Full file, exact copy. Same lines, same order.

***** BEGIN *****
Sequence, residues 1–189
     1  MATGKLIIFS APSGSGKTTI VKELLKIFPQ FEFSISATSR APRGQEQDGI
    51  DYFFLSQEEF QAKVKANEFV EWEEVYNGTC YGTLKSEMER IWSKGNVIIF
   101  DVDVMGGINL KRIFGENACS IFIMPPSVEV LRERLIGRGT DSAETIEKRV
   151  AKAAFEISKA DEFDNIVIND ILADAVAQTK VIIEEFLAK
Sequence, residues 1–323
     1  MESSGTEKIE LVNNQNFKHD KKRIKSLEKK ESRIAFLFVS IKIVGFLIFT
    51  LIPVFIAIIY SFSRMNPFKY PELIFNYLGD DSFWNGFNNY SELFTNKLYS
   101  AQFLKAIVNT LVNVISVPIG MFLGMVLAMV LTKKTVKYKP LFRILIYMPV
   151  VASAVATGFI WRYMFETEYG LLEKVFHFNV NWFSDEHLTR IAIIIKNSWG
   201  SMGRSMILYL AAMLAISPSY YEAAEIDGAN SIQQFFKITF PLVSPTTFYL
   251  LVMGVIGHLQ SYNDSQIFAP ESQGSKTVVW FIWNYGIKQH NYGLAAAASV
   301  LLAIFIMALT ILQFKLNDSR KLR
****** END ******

Sequence, residues 1–189
     1  MATGKLIIFS APSGSGKTTI VKELLKIFPQ FEFSISATSR APRGQEQDGI
    51  DYFFLSQEEF QAKVKANEFV EWEEVYNGTC YGTLKSEMER IWSKGNVIIF
   101  DVDVMGGINL KRIFGENACS IFIMPPSVEV LRERLIGRGT DSAETIEKRV
   151  AKAAFEISKA DEFDNIVIND ILADAVAQTK VIIEEFLAK
Sequence, residues 1–323
     1  MESSGTEKIE LVNNQNFKHD KKRIKSLEKK ESRIAFLFVS IKIVGFLIFT
    51  LIPVFIAIIY SFSRMNPFKY PELIFNYLGD DSFWNGFNNY SELFTNKLYS
   101  AQFLKAIVNT LVNVISVPIG MFLGMVLAMV LTKKTVKYKP LFRILIYMPV
   151  VASAVATGFI WRYMFETEYG LLEKVFHFNV NWFSDEHLTR IAIIIKNSWG
   201  SMGRSMILYL AAMLAISPSY YEAAEIDGAN SIQQFFKITF PLVSPTTFYL
   251  LVMGVIGHLQ SYNDSQIFAP ESQGSKTVVW FIWNYGIKQH NYGLAAAASV
   301  LLAIFIMALT ILQFKLNDSR KLR